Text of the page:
As a long time supporter of gay rights, (and actually LGBTQIA rights-a newer term inclusive of Lesbian, Gay, Bisexual, Transgendered, Questioning, Intersex and asexual people), this story caught my interest. Although controversial, It seems obvious to me that this antiquated policy should be put to rest.
After all, according to scouting.org the Scout Law is:
A Scout is:
Trustworthy, Loyal, Helpful,
Friendly, Courteous, Kind,
Obedient, Cheerful, Thrifty,
Brave, Clean, Reverent
When BSA teaches boys to be trustworthy and loyal, shouldn't those values apply to how they treat themselves? Shouldn't they be expected to be honest about who they are (or who their parents are) without fearing retribution from an organization that enforces those values?
I considered the feedback, considered changing the story as I had imagined it, or stopping the series after the third book, but in the end, I couldn't do it. The more I thought about Soul Catcher, the more I knew in my heart that the book wasn't about my character being gay, it was about my character being human. The Soulkeepers has always been about self-acceptance, tolerance, forgiveness, redemption--human qualities that bubble to the surface when a diverse group of teens have to fight for their lives in the battle between good and evil.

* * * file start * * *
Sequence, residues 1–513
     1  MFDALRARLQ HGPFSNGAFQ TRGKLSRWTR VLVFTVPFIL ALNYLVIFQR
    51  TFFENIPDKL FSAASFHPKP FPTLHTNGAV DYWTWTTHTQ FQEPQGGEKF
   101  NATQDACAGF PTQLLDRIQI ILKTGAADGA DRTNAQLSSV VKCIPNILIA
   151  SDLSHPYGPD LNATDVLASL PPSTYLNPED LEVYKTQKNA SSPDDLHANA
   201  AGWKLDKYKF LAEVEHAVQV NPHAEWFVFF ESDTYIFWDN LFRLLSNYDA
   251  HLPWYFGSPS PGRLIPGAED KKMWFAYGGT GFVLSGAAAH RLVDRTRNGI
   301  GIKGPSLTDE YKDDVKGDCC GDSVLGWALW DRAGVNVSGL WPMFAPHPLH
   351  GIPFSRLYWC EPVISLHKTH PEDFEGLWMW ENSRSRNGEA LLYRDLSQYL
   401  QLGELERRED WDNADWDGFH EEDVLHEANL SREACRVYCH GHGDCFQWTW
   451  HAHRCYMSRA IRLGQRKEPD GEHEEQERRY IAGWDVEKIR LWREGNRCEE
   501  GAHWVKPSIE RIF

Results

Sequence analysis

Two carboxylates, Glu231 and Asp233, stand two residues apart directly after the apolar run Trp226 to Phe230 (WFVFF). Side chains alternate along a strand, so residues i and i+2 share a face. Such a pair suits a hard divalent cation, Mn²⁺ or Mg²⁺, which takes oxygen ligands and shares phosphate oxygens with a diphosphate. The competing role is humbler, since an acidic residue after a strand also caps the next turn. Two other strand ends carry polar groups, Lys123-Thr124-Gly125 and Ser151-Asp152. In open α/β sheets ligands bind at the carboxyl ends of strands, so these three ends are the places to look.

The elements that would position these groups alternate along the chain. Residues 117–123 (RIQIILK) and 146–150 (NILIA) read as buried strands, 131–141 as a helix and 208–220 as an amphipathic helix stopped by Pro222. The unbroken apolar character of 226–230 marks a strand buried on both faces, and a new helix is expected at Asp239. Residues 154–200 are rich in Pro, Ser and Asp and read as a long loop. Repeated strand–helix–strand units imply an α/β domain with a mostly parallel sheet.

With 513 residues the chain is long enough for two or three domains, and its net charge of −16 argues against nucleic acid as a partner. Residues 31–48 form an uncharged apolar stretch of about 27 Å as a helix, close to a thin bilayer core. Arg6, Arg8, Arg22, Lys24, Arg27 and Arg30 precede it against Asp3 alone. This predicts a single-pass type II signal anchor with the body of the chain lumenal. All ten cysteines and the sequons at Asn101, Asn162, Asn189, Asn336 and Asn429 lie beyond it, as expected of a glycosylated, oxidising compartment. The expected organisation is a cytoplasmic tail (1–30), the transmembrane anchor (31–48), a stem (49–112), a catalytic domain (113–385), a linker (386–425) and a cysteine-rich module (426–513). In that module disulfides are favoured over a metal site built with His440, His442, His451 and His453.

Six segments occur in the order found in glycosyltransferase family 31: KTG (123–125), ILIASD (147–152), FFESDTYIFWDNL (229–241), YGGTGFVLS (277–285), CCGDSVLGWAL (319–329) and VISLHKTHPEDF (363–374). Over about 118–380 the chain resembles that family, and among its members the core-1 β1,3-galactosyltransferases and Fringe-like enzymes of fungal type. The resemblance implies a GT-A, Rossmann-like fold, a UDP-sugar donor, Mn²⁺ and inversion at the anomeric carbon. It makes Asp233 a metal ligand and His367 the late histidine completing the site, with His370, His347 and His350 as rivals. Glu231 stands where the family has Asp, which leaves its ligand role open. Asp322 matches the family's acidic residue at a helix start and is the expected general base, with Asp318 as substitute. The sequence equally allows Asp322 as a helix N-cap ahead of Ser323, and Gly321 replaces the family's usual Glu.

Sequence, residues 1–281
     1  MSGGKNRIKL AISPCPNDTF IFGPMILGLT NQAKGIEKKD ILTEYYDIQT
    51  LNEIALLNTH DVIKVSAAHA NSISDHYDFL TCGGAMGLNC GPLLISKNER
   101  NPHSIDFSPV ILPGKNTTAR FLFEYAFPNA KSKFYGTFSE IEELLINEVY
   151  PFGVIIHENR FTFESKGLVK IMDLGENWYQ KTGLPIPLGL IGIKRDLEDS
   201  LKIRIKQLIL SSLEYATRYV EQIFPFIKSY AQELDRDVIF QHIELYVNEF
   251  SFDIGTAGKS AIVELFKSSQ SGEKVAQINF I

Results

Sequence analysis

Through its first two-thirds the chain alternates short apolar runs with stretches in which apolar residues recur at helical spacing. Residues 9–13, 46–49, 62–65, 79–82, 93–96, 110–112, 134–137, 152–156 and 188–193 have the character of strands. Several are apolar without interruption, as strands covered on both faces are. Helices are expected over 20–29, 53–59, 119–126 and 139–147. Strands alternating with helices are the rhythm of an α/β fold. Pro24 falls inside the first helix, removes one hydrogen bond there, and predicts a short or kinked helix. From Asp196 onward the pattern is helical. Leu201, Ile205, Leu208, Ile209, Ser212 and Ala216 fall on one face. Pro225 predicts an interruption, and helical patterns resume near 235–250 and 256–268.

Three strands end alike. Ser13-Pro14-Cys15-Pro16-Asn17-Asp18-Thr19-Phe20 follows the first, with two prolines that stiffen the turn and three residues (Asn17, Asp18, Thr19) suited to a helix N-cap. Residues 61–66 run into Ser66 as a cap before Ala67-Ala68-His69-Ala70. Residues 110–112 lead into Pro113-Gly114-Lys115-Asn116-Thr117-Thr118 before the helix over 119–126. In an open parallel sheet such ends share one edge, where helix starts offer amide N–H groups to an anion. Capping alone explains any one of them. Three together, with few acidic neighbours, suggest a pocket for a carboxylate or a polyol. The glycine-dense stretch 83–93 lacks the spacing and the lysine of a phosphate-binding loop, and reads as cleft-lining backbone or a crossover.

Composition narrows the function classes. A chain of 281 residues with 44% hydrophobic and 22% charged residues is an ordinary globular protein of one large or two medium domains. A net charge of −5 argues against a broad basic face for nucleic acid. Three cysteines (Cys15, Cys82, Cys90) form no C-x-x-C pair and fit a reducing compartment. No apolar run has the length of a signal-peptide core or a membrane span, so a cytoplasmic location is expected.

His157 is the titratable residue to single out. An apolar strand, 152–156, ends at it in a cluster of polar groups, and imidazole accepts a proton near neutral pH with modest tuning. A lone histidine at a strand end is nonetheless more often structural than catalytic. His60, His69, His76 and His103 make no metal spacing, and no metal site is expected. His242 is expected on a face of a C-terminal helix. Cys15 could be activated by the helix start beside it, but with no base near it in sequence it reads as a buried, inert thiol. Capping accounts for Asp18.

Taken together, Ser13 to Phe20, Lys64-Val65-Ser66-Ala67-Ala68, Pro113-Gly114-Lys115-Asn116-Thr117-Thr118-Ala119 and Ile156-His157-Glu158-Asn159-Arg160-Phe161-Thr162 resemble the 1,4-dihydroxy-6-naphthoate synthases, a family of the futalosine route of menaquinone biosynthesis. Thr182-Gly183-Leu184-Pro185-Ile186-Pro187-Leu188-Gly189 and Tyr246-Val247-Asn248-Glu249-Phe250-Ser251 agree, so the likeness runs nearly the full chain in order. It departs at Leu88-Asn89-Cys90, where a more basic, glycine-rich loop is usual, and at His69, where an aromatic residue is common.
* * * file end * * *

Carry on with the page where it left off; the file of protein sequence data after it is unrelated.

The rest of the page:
Writing the story I envisioned took bravery. I had to follow my heart. I had to be true to my art and to myself. But isn't that what LGBT teens have to do on a daily basis?
I sincerely hope BSA makes the inclusive choice. It might be easier to maintain the status quo but doing what's right is rarely the same as doing what's easy.
Sometimes you've got to be brave.
G.P. Ching is the author of The Soulkeepers Series, The Grounded Trilogy, and a variety of short fiction. She specializes in cross-genre paranormal stories, loves old cemeteries, and enjoys a good ghost tour. She lives in central Illinois with her husband, two children, a brittany spaniel named Riptide Jack, and a very demanding guinea pig.